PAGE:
Demystifying ACT: A Practical Guide for Therapists

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The Hockey Goalie: A Metaphor for Psychological Flexibility

By DJ Moran, PhD

This presentation is an excerpt from the online course “Demystifying ACT: A Practical Guide for Therapists“.


Acceptance and Commitment Therapy aims to increase psychological flexibility. And psychological flexibility is defined as the capacity to contact the present moment while also being aware of thoughts and emotions without trying to change those private experiences or be adversely controlled by them and depending upon the situation, persisting in behaviors or changing behaviors in the pursuit of chosen values.
Now, that last clause in the definition of psychological flexibility can be somewhat confusing. Psychological flexibility calls on people to sometimes persist and sometimes to change. Which is it? Well, Acceptance and Commitment Therapy is a very contextual approach. It all depends on the person’s values and on the situation.

Perhaps a simpler way to understand psychological flexibility is to invoke the metaphor of a hockey goalie. Now, I know hockey is not all that popular of a sport around the world. But hopefully, you know a little bit about ice hockey.

One of my favorite parts of the game is before it actually starts. All the players are getting ready, warmed up to play the game and all the players are out there skating around in circles taking shots on the open net. Why is the net open during warmups? Well, because the hockey goalie is still on the sidelines pulling on his bigger leg pads than everybody else wears. He’s got a bigger helmet and he’s got a bigger stick. So it takes him a little while to limber out there. But these big players usually about 200 pounds or more, over 6 feet tall, they’re getting limbered up for the game too.

These big players all of a sudden will just drop down into the splits. It’s pretty remarkable.
And then because they’re on ice skates, they’ll straighten themselves back up into a standing position and then maybe they’ll stretch out by kicking one leg out. They would get up again, kick the other leg out. And they show off just how flexible they are. Why? Because in the middle of the game if someone takes a shot on them, they might actually have to do the splits. And then the puck bounces off their leg pad and it’s still in play. So someone else takes another shot and the player has got to lift his stick up to their left-hand side of the goal and it deflects off the stick and it’s still in play. And then maybe another opponent takes a shot on them and they grab it with their mitt from the right side of the goal. The whistle blows. The play is over. But this hockey goalie is splayed out all over the ice. He’s stretched himself this way and that way showing off his flexibility.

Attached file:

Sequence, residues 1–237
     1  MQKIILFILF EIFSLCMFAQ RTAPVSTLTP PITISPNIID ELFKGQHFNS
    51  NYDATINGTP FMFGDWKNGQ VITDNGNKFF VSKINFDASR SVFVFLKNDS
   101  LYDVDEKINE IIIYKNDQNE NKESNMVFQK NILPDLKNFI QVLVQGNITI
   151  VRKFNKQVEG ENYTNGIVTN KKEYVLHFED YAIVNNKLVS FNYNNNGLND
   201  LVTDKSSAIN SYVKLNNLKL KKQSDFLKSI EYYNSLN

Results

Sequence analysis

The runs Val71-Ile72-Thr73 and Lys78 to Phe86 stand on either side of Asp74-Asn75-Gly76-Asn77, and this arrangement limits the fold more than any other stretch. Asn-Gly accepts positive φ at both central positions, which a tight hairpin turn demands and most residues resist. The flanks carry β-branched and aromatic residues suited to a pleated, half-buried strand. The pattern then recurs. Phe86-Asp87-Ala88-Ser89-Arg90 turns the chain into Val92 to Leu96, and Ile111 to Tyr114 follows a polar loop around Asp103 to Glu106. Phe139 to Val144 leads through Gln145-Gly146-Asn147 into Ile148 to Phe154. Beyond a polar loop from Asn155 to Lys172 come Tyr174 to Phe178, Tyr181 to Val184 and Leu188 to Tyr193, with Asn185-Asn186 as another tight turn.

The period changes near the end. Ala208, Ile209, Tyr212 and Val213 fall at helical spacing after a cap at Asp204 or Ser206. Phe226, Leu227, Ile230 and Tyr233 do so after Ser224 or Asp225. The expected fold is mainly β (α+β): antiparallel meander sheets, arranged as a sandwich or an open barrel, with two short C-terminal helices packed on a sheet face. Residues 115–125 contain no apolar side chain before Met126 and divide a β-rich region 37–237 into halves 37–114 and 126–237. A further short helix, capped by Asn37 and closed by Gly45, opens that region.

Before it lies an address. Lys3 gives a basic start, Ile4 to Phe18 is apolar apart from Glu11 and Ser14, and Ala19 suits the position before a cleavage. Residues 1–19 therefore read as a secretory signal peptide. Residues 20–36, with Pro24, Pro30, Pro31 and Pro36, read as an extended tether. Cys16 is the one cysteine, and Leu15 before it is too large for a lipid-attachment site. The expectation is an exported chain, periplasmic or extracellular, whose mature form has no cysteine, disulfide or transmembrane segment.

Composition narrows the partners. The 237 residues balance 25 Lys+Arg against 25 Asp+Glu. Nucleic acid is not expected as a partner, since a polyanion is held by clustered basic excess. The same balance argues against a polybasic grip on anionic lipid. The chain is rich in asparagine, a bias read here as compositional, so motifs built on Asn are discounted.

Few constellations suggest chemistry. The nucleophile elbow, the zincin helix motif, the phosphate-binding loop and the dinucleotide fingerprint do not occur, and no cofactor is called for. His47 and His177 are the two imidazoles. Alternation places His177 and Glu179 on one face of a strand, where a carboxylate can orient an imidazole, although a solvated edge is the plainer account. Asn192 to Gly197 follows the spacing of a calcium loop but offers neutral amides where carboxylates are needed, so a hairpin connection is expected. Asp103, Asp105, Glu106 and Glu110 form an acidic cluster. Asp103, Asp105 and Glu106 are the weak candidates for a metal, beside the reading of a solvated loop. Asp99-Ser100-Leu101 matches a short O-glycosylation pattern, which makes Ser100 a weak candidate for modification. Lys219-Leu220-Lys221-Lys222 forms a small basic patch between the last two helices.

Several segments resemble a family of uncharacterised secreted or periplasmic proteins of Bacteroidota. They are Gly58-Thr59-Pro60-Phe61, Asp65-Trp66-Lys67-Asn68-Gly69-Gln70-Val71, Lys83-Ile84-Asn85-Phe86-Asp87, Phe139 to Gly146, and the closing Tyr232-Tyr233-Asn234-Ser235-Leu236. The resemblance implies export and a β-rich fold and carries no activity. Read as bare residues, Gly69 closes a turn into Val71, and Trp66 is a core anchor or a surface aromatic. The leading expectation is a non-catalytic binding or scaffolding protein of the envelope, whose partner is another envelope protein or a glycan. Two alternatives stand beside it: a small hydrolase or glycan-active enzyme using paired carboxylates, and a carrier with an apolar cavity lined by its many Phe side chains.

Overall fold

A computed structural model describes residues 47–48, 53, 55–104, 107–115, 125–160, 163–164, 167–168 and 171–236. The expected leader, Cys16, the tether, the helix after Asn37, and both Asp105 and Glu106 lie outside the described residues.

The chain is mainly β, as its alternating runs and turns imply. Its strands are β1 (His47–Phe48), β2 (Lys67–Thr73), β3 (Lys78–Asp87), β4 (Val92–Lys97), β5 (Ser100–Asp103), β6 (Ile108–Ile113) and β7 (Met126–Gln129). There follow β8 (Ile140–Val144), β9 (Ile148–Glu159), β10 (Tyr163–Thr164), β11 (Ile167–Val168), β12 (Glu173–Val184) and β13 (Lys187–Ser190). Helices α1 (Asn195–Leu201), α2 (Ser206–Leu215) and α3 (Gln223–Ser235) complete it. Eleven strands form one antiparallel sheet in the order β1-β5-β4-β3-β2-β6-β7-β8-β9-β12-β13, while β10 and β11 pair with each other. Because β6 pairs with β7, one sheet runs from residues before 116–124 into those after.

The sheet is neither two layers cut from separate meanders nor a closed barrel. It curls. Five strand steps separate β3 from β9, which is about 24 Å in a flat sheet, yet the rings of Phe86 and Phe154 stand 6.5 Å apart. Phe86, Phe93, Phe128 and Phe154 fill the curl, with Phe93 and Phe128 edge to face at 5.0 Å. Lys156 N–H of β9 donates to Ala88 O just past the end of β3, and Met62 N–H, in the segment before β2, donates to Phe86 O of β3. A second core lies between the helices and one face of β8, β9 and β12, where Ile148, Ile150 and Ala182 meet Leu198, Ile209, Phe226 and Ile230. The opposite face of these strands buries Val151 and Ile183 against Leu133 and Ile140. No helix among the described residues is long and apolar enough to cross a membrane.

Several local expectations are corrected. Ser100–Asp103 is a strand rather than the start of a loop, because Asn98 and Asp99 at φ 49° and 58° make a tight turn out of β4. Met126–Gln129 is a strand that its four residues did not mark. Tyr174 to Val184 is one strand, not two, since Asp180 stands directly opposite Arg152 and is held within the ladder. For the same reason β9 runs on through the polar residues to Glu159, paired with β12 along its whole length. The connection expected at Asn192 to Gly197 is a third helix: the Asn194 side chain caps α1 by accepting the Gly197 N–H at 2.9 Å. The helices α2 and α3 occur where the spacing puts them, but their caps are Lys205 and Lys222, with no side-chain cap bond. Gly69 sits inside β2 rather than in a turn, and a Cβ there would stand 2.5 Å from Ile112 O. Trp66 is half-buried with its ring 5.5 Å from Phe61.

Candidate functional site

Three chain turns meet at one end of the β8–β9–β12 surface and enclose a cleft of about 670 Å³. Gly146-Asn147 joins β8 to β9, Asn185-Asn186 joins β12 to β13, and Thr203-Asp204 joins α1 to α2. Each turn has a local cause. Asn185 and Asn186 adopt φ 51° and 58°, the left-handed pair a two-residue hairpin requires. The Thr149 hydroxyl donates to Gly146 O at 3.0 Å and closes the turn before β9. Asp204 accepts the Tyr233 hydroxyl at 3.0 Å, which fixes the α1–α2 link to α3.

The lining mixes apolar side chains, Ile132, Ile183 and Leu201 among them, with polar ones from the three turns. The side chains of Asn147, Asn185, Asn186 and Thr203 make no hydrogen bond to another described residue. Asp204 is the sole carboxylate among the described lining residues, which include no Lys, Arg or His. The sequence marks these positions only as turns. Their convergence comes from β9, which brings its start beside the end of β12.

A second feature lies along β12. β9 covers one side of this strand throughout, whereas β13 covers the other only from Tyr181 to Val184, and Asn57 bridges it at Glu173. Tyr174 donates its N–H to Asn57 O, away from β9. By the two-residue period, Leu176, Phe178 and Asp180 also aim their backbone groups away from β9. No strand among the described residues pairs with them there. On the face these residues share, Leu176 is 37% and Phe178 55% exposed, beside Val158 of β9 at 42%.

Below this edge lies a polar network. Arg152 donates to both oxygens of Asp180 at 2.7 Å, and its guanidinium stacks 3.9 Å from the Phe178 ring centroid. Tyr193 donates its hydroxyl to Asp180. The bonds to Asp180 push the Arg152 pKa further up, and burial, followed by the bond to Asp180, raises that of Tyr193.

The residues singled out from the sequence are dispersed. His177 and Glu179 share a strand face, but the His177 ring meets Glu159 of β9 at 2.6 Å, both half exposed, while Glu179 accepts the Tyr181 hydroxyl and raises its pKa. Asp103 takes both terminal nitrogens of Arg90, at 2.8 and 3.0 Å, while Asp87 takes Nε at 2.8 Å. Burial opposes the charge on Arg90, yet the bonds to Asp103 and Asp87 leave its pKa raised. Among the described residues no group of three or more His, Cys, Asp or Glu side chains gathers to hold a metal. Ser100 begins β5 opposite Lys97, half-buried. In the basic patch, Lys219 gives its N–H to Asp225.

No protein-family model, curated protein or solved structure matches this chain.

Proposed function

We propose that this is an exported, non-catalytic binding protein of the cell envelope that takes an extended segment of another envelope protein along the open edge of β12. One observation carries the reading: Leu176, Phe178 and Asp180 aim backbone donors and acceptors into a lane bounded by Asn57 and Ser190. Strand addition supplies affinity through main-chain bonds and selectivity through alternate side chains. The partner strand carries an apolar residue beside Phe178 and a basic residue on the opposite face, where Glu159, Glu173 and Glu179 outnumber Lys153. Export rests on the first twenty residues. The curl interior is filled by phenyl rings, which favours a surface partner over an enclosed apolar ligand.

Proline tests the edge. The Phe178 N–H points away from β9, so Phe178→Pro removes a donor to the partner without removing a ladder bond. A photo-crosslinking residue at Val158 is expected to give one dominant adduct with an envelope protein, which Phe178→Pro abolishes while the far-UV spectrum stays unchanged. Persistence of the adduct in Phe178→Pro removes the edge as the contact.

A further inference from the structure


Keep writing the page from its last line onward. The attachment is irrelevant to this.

And we might go up to that goalie and say, why do you change your behavior so readily? Why do you change your posture so much? And he might say, it’s in the service of my chosen values, eh? He’s trying to say that there are certain things that he cares about that makes him change his posture in such amazing ways. We might ask him, then what are your values? And he might say, sportsmanship, athleticism, the camaraderie with my teammates. As a professional athlete, I provide for my children and my spouse this way. Those are things that are meaningful to me and they motivate me to change my posture so much even when it’s difficult.

And other times, the puck is on the other side of the rink and the goalie is in front of his goal all by himself. But out of nowhere, there is a breakaway. All of a sudden, the other team starts skating towards him, passing the puck back and forth to each other. They’re moving really fast and they pass the halfway line. They keep passing the puck back and forth to each other, going past the defenders. And all of a sudden, it’s just the goalie and the other team. One of them goes ahead and takes that slapshot. And this puck is made of rubber but hard as a rock and sometimes gets clocked at moving 80 miles an hour. This missile is flying right at the goalie. The impending pain is coming. If we were in this goalie’s skates, we’d see that missile flying at us and we’d say, uh-uh, I’m out of here. And we’d jump out of the way because we don’t want to feel the pain.

But not this goalie, not this flexible goalie. He sees this flying missile coming right at him and he says, mm-mm, I’m not moving. I’m staying right here. I’m going to persist.
And then boom, right to the chest, the puck hits him. And he feels the pain. He stays where he is. He doesn’t get out of the way and has to feel pain because of it. And we might go up to the goalie at that point and say, why didn’t you get out of the way? You’re athletic enough to avoid this. And he might say, I persisted in the service of my chosen values. I care about sportsmanship. I care about athleticism. I care about the camaraderie with my teammates and providing for my family. Things that are important to me influence me to stick to it even if it’s difficult.

The hockey goalie metaphor gives us a solid understanding of what psychological flexibility is all aboot. Sometimes, you persist in your actions and sometimes you change your actions. It all depends on the context and your values.

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